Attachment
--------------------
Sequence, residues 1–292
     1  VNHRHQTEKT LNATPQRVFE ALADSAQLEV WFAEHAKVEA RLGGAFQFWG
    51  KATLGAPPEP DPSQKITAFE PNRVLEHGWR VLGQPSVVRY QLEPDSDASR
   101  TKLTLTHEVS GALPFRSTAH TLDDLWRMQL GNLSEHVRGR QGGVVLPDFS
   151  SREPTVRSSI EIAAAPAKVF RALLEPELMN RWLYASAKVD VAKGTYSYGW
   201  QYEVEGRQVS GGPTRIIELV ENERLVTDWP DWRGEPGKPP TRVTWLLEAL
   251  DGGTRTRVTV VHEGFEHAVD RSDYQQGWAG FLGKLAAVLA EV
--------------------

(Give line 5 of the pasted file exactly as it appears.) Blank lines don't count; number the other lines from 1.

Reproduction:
   151  SREPTVRSSI EIAAAPAKVF RALLEPELMN RWLYASAKVD VAKGTYSYGW